On August 3, 2020, Judge J. Paul Oetken of the U.S. District Court for the Southern District of New York struck down four provisions of the U.S. Department of Labor (“DOL”) regulations (the “Final Rule”) implementing elements of the Families First Coronavirus Relief Act (“FFCRA”) (the “Decision”). With five months left before the FFCRA is set to expire on December 31,2020, here is what you need to know:
Background. The Families First Coronavirus Response Act went into effect on April 1, 2020 as part of congressional efforts to provide COVID-19-related relief to American workers. The FFCRA includes provisions requiring employers to provide eligible employees with up to two weeks of paid COVID-19-related sick leave (the Emergency Paid Sick Leave Act or “EPSLA”) and up to 12 weeks of paid COVID-19-related family leave (the Emergency Family and Medical Leave Expansion Act or “EFMLA”)). Our earlier alert with respect to the contents of the Final Rule can be found here.
The Decision. Subsequent to implementation of the Final Rule, the State of New York commenced a legal challenge to several parts of the FFCRA on the grounds that they “exceed[ed]” the DOL's authority. While the Decision is likely controlling authority for employers located in the S.D.N.Y. (i.e., counties of New York, Bronx, Westchester, Rockland, Putnam, Orange, Dutchess and Sullivan), other employers should take note as the Decision may be cited as persuasive authority outside of the S.D.N.Y. and may be adopted by other courts as well.
Here are the four aspects of the Final Rule that have been invalidated by the Decision:
1. The Work-Availability Requirement
Under the FFCRA, employees who are unable to work or telework, based on one of the six designated COVID-19 sick or child care reasons, are eligible to receive paid leave. However, the Final Rule permitted employers to exclude employees from these provisions under some of the EFMLA and EPSLA qualifying reasons when employers “do not have work” for them. This work-availability exclusion was particularly important for employers who furloughed workers or who were exempted from having to provide paid leave benefits while their businesses were shuttered. Judge Oetken struck this provision as “patently deficient.” While the Decision did not specifically rule that employees previously subject to the work-availability exclusion are now entitled to FFCRA leave, pending further appeals or a stay of the Decision, employers should now exercise caution in relying on the exclusion to deny leave.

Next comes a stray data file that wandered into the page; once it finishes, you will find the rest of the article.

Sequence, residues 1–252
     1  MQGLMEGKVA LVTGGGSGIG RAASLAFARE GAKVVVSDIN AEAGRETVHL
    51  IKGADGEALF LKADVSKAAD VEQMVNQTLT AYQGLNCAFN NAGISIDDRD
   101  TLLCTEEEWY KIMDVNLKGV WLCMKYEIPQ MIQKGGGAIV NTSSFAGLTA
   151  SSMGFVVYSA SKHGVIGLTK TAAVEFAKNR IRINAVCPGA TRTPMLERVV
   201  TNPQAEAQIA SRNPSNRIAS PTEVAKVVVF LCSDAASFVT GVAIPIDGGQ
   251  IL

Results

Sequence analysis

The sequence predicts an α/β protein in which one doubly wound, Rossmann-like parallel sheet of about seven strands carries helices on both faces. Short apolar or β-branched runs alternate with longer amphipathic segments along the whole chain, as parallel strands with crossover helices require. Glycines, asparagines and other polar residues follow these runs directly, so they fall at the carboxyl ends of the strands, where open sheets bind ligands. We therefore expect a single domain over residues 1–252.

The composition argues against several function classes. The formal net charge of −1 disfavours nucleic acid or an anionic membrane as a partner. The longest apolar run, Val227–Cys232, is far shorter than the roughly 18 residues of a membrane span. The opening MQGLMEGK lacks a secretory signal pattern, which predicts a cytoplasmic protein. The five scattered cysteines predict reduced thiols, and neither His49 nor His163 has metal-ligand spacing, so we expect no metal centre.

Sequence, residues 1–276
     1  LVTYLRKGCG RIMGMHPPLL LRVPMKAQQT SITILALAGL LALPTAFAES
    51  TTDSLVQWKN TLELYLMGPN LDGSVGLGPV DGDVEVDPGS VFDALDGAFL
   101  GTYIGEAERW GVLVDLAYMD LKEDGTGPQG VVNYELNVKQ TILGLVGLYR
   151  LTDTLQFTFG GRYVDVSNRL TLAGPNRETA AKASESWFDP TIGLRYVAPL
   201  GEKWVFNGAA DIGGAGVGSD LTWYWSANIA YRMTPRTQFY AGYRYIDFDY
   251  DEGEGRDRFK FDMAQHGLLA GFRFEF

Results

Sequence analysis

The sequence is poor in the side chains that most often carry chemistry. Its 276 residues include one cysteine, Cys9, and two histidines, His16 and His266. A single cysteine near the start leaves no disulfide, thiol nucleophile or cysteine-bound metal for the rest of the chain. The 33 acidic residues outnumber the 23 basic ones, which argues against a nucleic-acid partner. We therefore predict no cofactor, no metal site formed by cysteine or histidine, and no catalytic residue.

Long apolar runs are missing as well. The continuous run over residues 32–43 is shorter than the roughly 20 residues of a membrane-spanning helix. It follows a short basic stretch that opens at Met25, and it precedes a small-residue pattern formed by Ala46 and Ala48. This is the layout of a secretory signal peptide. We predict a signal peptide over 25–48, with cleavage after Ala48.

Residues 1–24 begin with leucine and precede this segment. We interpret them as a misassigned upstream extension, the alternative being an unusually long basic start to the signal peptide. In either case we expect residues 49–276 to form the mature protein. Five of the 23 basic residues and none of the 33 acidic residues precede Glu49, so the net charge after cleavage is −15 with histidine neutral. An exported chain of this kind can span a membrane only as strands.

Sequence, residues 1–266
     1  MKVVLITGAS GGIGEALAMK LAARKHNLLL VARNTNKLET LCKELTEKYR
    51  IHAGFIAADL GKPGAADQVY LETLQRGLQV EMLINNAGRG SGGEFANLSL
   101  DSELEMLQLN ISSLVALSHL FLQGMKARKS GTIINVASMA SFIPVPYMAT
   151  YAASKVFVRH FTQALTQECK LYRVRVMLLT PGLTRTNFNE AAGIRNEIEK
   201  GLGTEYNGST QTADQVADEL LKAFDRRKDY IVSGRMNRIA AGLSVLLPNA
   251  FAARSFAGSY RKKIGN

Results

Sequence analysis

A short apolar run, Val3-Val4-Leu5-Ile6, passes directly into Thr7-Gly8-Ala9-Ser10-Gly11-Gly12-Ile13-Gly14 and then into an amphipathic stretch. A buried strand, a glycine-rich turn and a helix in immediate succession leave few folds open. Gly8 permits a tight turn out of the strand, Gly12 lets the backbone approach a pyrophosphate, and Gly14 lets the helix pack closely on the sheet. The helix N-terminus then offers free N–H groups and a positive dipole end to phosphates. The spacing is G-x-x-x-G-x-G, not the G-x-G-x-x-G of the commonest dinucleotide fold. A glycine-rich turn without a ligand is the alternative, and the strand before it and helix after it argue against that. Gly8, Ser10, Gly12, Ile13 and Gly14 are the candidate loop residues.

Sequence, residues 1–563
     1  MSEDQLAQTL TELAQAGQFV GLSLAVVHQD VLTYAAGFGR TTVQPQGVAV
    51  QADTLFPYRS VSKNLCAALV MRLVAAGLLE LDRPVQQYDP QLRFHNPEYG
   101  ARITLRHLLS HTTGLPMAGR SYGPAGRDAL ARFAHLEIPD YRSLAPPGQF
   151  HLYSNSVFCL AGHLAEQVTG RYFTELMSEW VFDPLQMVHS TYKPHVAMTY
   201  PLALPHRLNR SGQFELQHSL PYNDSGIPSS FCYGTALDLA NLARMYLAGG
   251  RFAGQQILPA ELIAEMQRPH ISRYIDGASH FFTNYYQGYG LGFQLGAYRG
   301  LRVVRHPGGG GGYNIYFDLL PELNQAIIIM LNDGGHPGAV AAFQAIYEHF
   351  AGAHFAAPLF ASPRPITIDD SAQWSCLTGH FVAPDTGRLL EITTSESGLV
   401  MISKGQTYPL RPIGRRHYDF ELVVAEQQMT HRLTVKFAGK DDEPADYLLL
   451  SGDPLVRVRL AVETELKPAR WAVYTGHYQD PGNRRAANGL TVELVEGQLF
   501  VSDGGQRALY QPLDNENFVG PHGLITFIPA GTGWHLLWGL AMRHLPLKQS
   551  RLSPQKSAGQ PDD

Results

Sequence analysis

2. Definition of “Health Care Provider”
Under both the EPSLA and EFMLA, an employer of an employee “who is a health care provider or emergency responder” may elect to exclude such employees from leave benefits. The FFCRA defined “health care provider” as “anyone employed at any [of certain listed medical care institutions]” and “any individual employed by an entity that contracts with any of [such] institutions.” Judge Oetken ruled that this definition was “vastly overbroad” and could include non-health care-related workers (i.e. janitorial staff, cafeteria managers) who are employed at a medical institution.
3. Intermittent Leave and Employer Consent
The Final Rule allows employees to “take [EPSLA and EFMLA leave] intermittently only if the Employer and Employee agree,” and so long as doing so does not pose a public health risk. Judge Oetken found that while the provisions allowing employer consent for intermittent leave were sound where they correlated to a higher risk of viral infection (i.e., when employees were subject to a quarantine order or experiencing COVID-19 symptoms), they were not sound when conditioned on employer consent for reasons such as child care leave. Judge Oetken thus voided this portion of the Final Rule.
4. Documentation Requirements
Finally, the Decision addressed employee documentation requirements under the FFCRA. The FFCRA provides that an employee seeking to take leave under either the EPSLA or EFMLA must submit documentation to their employer prior to taking leave that indicates (i) the reason for leave, (ii) duration of requested leave, and (iii) where relevant, “the authority for the isolation or quarantine order qualifying them for leave.” Judge Oetken upheld the requirement regarding the contents of the documentation, but struck down that portion of the provision that required employees to submit documentation as a precondition to taking leave. Notably, this ruling was only with respect to timing; the requirement that employees provide documentation to support the leave was left intact, and employers should continue to require such documentation as necessary among other reasons to support any application for payroll tax credits.
Originally published by Frankfurt Kurnit, August 2020
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